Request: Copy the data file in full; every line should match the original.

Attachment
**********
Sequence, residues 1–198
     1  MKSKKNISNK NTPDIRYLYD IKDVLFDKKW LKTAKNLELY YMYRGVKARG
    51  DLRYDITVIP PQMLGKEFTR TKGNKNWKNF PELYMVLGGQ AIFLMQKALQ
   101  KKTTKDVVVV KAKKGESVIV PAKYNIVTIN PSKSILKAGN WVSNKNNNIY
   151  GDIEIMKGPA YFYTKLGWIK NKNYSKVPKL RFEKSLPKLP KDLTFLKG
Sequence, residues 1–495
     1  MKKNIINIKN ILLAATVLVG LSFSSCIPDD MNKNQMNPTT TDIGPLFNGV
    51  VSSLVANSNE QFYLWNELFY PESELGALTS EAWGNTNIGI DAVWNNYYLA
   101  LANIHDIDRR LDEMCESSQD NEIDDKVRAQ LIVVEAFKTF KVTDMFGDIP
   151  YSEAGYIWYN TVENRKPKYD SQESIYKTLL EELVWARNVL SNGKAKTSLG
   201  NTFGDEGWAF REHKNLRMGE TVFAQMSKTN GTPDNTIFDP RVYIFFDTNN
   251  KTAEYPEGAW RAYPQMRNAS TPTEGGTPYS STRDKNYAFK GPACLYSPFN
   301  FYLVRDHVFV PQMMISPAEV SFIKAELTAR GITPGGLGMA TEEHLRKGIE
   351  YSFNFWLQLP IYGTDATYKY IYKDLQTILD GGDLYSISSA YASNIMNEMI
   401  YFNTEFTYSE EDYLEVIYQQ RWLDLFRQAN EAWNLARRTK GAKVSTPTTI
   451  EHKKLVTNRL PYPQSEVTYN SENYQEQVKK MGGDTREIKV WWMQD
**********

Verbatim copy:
Sequence, residues 1–198
     1  MKSKKNISNK NTPDIRYLYD IKDVLFDKKW LKTAKNLELY YMYRGVKARG
    51  DLRYDITVIP PQMLGKEFTR TKGNKNWKNF PELYMVLGGQ AIFLMQKALQ
   101  KKTTKDVVVV KAKKGESVIV PAKYNIVTIN PSKSILKAGN WVSNKNNNIY
   151  GDIEIMKGPA YFYTKLGWIK NKNYSKVPKL RFEKSLPKLP KDLTFLKG
Sequence, residues 1–495
     1  MKKNIINIKN ILLAATVLVG LSFSSCIPDD MNKNQMNPTT TDIGPLFNGV
    51  VSSLVANSNE QFYLWNELFY PESELGALTS EAWGNTNIGI DAVWNNYYLA
   101  LANIHDIDRR LDEMCESSQD NEIDDKVRAQ LIVVEAFKTF KVTDMFGDIP
   151  YSEAGYIWYN TVENRKPKYD SQESIYKTLL EELVWARNVL SNGKAKTSLG
   201  NTFGDEGWAF REHKNLRMGE TVFAQMSKTN GTPDNTIFDP RVYIFFDTNN
   251  KTAEYPEGAW RAYPQMRNAS TPTEGGTPYS STRDKNYAFK GPACLYSPFN
   301  FYLVRDHVFV PQMMISPAEV SFIKAELTAR GITPGGLGMA TEEHLRKGIE
   351  YSFNFWLQLP IYGTDATYKY IYKDLQTILD GGDLYSISSA YASNIMNEMI
   401  YFNTEFTYSE EDYLEVIYQQ RWLDLFRQAN EAWNLARRTK GAKVSTPTTI
   451  EHKKLVTNRL PYPQSEVTYN SENYQEQVKK MGGDTREIKV WWMQD